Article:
Most notably, Amazon has invested $4 billion in Anthropic, an OpenAI rival that is also backed by Google. The start-up will use AWS and its Trainium chips to build AI models and help "improve our technology," said Selipsky,
When asked about exciting aspects of generative AI, Selipsky cited examples of ramped up productivity for its clients.
AWS user pharmaceutical giant Pfizer estimates that it will launch more powerful drugs faster, achieving as much as a billion dollars in annual savings due to AI, according to Selipsky.
Airlines and other industries are already using generative AI to power chatbots that interact with customers.
And while chatbots can make mistakes, companies reason that "human beings don't give 100 percent accuracy either," Selipsky said. "And in many cases, the models are actually outperforming the accuracy and the usefulness of live agents."
AWS cut hundreds of jobs this month, particularly in sales and marketing, to better focus on AI and other priorities.
But Selipsky was adamant that AI has not replaced any of the cloud platform workers.
"AWS has thousands of job postings online today, and yesterday, and the day before, and we will also have (them) tomorrow," he added.


Software Giant Salesforce in Advanced Talks to Buy Informatica

FILE PHOTO: A banner celebrating the Informatica IPO on the front of the New York Stock Exchange (NYSE) in New York City, US, October 27, 2021.  REUTERS/Brendan McDermid/File Photo
FILE PHOTO: A banner celebrating the Informatica IPO on the front of the New York Stock Exchange (NYSE) in New York City, US, October 27, 2021. REUTERS/Brendan McDermid/File Photo
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Software Giant Salesforce in Advanced Talks to Buy Informatica

FILE PHOTO: A banner celebrating the Informatica IPO on the front of the New York Stock Exchange (NYSE) in New York City, US, October 27, 2021.  REUTERS/Brendan McDermid/File Photo
FILE PHOTO: A banner celebrating the Informatica IPO on the front of the New York Stock Exchange (NYSE) in New York City, US, October 27, 2021. REUTERS/Brendan McDermid/File Photo

Customer relations software maker Salesforce is in advanced talks to acquire Informatica, a person familiar with the matter told Reuters on Friday, in the latest sign of increased deal-making in the technology sector.
A deal could be announced soon, said the source, who requested anonymity as the discussions are confidential.
The price being discussed is below Informatica's current share price of $38.48, according to the Wall Street Journal, which first reported the talks between Salesforce and Informatica.
Salesforce and Informatica did not immediately respond to requests for comment.
Private equity firm Permira, which along with the Canadian Pension Plan Investment Board (CPPIB) holds a controlling stake of over 75% in Informatica, declined to comment. CPPIB could not be reached for comment.
Founded in 1993, Informatica offers subscription-based data management services over the cloud and also helps to automate tasks for more than 5,000 active customers.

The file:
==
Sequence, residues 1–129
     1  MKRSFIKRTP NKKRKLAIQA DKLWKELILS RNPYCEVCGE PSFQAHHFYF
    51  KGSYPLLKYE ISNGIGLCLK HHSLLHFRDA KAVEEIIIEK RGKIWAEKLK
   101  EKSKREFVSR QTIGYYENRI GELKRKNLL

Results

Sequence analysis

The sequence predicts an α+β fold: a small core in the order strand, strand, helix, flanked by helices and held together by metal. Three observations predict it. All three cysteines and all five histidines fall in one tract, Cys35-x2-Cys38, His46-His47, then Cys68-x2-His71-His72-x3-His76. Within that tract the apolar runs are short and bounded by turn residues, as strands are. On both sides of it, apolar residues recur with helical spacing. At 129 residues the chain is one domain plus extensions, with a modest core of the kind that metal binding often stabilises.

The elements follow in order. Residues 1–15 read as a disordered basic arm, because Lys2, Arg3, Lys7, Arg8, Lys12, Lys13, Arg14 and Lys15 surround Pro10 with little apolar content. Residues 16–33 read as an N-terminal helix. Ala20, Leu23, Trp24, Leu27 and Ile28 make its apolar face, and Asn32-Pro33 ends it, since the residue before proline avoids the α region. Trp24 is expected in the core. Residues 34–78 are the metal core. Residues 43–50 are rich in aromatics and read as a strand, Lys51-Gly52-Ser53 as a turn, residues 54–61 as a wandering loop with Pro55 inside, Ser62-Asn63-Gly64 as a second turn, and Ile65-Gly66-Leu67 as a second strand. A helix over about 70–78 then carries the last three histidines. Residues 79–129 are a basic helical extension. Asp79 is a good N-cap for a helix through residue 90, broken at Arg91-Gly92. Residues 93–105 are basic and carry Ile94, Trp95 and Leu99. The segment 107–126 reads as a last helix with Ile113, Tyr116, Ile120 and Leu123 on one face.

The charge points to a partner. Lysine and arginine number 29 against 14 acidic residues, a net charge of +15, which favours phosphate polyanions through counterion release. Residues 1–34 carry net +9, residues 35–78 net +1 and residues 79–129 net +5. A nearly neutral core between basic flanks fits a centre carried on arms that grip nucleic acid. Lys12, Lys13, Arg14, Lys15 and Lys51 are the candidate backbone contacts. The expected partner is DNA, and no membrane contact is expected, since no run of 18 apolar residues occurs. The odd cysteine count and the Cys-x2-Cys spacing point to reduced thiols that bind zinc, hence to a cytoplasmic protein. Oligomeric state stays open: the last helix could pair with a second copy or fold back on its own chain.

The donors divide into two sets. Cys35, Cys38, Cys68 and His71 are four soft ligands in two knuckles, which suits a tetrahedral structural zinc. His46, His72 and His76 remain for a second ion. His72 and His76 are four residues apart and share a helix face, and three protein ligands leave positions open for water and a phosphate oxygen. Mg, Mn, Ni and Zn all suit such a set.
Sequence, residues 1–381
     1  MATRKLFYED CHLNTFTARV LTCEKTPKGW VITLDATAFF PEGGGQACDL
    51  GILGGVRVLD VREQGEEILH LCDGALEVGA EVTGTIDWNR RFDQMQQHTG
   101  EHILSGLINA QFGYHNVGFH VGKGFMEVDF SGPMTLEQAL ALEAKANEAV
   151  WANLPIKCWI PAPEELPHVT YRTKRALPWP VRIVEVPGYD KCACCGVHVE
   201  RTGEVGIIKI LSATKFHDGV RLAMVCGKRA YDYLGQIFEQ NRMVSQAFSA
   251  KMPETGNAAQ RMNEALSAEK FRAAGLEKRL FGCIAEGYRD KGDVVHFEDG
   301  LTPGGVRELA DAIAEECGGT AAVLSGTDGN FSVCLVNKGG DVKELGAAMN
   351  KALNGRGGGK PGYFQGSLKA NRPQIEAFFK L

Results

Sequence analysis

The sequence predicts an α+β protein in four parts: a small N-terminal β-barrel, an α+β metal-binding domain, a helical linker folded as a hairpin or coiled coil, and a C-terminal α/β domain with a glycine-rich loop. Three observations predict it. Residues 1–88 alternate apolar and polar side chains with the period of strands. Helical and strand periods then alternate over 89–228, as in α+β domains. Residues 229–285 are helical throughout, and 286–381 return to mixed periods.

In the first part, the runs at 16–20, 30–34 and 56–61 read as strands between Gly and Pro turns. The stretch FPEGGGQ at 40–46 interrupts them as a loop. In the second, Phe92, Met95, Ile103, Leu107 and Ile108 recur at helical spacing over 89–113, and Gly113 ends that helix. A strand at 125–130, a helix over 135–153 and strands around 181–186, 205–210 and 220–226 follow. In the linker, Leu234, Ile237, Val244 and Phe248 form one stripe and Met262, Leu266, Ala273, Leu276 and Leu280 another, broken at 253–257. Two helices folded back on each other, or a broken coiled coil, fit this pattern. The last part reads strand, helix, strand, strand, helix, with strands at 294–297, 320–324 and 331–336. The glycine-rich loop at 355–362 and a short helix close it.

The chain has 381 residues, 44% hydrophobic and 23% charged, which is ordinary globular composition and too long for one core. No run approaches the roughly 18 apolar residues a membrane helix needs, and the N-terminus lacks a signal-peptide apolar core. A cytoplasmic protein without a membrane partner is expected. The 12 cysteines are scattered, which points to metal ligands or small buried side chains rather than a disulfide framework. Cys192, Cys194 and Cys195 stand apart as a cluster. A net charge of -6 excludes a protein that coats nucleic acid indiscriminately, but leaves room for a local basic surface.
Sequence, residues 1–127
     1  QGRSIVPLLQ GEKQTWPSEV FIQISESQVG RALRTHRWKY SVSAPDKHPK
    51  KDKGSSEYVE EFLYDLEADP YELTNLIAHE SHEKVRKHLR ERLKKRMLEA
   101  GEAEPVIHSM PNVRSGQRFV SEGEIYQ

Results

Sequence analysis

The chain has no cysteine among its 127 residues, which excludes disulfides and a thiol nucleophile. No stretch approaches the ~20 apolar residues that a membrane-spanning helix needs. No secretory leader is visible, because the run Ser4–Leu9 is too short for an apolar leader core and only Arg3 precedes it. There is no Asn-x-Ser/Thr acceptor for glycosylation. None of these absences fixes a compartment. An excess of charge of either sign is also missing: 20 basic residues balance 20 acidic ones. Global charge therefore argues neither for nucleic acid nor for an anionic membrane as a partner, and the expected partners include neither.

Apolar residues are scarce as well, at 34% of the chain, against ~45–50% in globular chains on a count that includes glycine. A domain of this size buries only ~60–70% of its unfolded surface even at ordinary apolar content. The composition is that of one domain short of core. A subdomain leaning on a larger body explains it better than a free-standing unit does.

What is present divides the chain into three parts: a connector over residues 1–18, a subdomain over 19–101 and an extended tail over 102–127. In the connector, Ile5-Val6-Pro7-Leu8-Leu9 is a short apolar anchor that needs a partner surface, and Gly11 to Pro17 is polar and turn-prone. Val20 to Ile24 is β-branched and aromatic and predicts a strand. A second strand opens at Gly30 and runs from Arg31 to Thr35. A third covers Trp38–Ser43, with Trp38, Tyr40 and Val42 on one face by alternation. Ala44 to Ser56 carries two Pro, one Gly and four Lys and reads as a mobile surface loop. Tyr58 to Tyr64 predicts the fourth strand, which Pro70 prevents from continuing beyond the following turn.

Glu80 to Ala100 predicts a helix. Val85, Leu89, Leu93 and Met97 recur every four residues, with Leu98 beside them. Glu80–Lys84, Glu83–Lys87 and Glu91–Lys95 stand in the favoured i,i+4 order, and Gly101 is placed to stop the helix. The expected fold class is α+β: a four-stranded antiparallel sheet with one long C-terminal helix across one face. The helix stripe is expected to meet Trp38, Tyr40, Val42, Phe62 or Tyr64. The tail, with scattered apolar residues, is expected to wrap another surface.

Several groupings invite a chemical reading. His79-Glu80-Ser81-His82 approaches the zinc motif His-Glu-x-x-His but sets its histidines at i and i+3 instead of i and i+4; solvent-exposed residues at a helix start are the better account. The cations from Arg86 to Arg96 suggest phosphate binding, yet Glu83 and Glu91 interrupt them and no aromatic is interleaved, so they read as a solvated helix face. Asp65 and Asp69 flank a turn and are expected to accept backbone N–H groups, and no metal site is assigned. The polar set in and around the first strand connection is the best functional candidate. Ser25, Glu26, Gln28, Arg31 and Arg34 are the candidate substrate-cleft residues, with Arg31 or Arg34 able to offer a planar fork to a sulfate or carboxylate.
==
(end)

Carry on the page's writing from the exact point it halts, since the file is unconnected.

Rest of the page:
Based in Redwood City, California, its customers include Unilever and Deloitte, according to its website.
Informatica's shares have risen nearly 43% so far this year, valuing the company at about $11.35 billion.
The company was taken private in 2015 for about $5.3 billion by a consortium that included Permira and CPPIB.
Six years later, Permira and CPPIB took Informatica public again and its shares were listed on the New York Stock Exchange.
If the deal goes through, it would be the biggest for Salesforce since it acquired workplace messaging app Slack Technologies in 2020 for nearly $28 billion.
Salesforce's dealmaking strategy came under scrutiny in early 2023, when activist investors, including ValueAct Capital and Elliott Management, questioned the company's strategy and pushed the management for changes.
In response, Salesforce implemented cost-cutting and increased share buybacks. It also disbanded its M&A board committee.
Salesforce has been a prolific acquirer. In 2019, it bought data analytics platform Tableau Software in an all-stock deal valued at $15.7 billion.
As part of the current enthusiasm for artificial intelligence sweeping through the technology sector, several large deals have been signed.
In January, design software company Synopsys agreed to buy smaller rival Ansys for about $35 billion. Hewlett Packard Enterprise struck a deal in January to buy networking gear maker Juniper Networks for $14 billion.
Technology accounted for the largest share of merger and acquisitions during the first quarter, jumping more than 42% year-on-year to about $154 billion, according to Dealogic.


Musk, Argentine President See Eye-To-Eye on Boosting Free Markets, Lithium

Billionaire Elon Musk reacting- File Phot/Reuters
Billionaire Elon Musk reacting- File Phot/Reuters
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Musk, Argentine President See Eye-To-Eye on Boosting Free Markets, Lithium

Billionaire Elon Musk reacting- File Phot/Reuters
Billionaire Elon Musk reacting- File Phot/Reuters

Billionaire Elon Musk and Argentina's libertarian president promised to work together on Friday to promote free markets as well as potential lithium projects after the two likeminded men met in Texas, home to the tycoon's Tesla electric car company.

The chief spokesman to President Javier Milei said the pair visited Tesla's Austin headquarters and discussed a variety of topics, from the need to boost declining birthrates worldwide to pursuing technological development while defending "liberty."

Musk, one of the world's richest men, has previously showed his admiration for Milei's full-throated embrace of private enterprise and his distain for what he sees as socialist excesses.